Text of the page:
How Hearing Aids Work
Hearing aids are electronic devices invented to amplify sound for the user. Predecessors to the hearing aid included tools called ear horns, which would be held up to the inner ear and capture the sound in a funnel. These days, the devices are increasingly more complex.
Many hearing aids are created after a mold of the intended user's ear is taken. The mold is most often made of silicon and hardened in an oven. The electrical parts, along with a volume control, speaker and microphone, are attached to the silicon mold.
Once a battery is added, the device can be tested on the client to gauge the improvement in their hearing and to make any final adjustments.
The microphone is used to pick up sounds and turn them into an electrical signal. That signal is relayed to the amplifier, which increases the sound and sends it electronically to a speaker attached to the hearing aid. The hearing aid speaker takes the electrical signal and sends it to the brain in a series of electronic impulses that the brain is able to detect as sound.
5 Things You Don't Know About Hearing Aids
1. They're Stylish
Hearing aids are far from the clunky eyesores most people associate them with. They've become stylish additions to the wardrobe of their users. Some designs even make them fashion accessories. Visit a Connect Hearing clinic to browse the latest versions of these increasingly high-tech devices.
2. They're Worn by Young People
With the amount of noise-induced hearing loss increasing at a rapid rate around the world, the number of young people using hearing aids is changing the perception that hearing loss is a condition that affects only the elderly. In fact, a study by researchers in the United States has shown that 12.5% of children between the ages of six and 19 years of age suffer from noise-induced hearing loss. Many of them will require hearing aids in their 30s or 40s to ensure they stay connected to the sounds and people they love.
3. They're Rich in Clarity
Hearing aids had turned off Wayne Stewart, a Connect Hearing client, because they were too aggravating. The feedback from the devices was atrocious in earlier models, but Stewart of Kelowna, British Columbia, reports that he has discovered the joy of hearing again thanks to technological advancements in hearing aids in recent years. "This set I have now is worlds apart from what I had before. They're super comfortable and there are no feedback problems at all. The difference it's made has been unbelievable," he says.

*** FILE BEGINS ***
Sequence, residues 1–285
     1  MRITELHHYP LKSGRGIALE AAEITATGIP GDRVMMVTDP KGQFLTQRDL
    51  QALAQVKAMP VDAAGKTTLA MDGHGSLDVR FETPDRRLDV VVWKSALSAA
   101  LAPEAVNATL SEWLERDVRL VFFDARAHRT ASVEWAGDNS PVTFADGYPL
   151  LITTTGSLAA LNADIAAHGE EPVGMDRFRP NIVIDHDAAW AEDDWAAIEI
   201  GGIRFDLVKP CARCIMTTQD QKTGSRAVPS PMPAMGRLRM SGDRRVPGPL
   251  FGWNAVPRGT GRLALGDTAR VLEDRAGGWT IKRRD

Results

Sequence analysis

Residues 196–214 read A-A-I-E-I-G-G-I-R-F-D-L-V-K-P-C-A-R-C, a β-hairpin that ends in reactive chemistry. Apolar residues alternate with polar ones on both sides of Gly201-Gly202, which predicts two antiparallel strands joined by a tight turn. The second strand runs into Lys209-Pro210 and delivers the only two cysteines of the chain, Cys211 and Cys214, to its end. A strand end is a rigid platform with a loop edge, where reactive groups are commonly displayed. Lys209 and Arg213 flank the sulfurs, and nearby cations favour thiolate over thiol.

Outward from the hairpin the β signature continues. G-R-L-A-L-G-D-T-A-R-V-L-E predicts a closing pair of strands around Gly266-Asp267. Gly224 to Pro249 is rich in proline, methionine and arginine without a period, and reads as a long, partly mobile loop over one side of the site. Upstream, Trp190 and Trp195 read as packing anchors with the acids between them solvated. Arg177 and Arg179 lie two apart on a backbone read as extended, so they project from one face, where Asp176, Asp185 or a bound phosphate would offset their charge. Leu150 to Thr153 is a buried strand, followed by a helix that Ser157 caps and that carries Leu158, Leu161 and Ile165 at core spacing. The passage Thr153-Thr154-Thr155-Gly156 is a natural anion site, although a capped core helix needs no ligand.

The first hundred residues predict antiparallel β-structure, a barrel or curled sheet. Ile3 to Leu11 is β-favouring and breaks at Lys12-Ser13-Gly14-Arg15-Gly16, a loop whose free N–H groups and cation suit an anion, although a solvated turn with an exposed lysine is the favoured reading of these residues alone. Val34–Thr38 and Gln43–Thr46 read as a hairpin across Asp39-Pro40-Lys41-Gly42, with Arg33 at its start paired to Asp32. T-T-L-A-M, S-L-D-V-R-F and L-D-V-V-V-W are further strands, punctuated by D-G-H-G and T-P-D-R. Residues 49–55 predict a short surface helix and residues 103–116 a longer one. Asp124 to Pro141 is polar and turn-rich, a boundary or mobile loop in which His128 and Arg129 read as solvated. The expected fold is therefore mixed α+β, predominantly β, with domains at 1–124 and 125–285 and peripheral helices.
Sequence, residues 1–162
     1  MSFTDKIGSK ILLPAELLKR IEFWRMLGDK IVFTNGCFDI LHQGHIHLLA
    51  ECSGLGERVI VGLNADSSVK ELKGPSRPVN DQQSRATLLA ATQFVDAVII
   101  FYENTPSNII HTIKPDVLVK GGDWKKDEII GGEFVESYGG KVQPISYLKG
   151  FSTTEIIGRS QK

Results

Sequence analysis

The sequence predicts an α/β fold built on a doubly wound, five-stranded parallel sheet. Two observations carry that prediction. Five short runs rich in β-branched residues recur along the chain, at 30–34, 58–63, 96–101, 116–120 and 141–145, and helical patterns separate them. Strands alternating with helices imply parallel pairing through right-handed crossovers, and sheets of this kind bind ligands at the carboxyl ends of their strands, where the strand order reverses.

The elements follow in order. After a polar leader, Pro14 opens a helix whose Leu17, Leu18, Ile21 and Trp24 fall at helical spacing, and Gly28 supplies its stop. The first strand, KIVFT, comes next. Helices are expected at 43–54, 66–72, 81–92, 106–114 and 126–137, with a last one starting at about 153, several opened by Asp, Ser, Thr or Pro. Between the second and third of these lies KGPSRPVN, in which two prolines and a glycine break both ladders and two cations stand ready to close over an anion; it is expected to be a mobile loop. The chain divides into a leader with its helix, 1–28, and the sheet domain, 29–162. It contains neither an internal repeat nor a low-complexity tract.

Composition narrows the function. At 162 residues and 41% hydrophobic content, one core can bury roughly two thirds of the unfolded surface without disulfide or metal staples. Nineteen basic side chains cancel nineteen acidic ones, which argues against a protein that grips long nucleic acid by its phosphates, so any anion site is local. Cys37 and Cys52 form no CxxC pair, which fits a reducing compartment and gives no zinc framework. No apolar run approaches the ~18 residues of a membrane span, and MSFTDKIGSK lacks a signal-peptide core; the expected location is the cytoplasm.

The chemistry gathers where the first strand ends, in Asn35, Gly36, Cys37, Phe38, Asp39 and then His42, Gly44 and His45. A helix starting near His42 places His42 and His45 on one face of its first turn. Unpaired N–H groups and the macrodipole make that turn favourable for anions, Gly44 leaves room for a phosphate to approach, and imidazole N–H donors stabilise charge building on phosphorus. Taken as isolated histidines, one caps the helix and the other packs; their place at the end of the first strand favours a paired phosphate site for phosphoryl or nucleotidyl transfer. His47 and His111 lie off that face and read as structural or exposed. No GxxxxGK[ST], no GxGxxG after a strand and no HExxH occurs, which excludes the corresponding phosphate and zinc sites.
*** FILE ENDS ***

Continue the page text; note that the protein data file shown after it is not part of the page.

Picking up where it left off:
4. They're Easy to Maintain
Some hearing aids require such little care that you only need to change the battery in them once or twice a year. For devices implanted into the inner ear, a hearing-health practitioner can easily change batteries or fix other maintenance problems during a scheduled visit.
5. There's One That's Right for You
Hearing aids come in a variety of budget choices, styles, and options to suit your preferences and lifestyle. Book a complimentary hearing test now and discover more about these marvellous little inventions that can return so much quality of life to you.
Not Your Grandmother's Hearing Aids
Remember hearing aids that appeared like a gray, bulky scotch tape dispenser? Those chunks of shame are gone. They've been replaced by a range of high-tech, sleek, and attractive designs that will make you feel downright fashionable when you put them on.
In an interview with the Daily Mail of London, England, British television star Rula Lenska divulged she wears hearing aids — a surprise to many since they're not even visible.
'I don't even know I've got them in,' she told the newspaper. 'And I challenge anyone to be able to tell, even when I've got my hair up."
Lenska, in her mid-60s, is a star of Coronation Street, the popular British TV series. She affirmed that hearing aids have returned a sense of youthfulness as she re-discovered many sounds she had forgotten. 'They are little miracles of technology and they are getting better and better,' she says of the devices.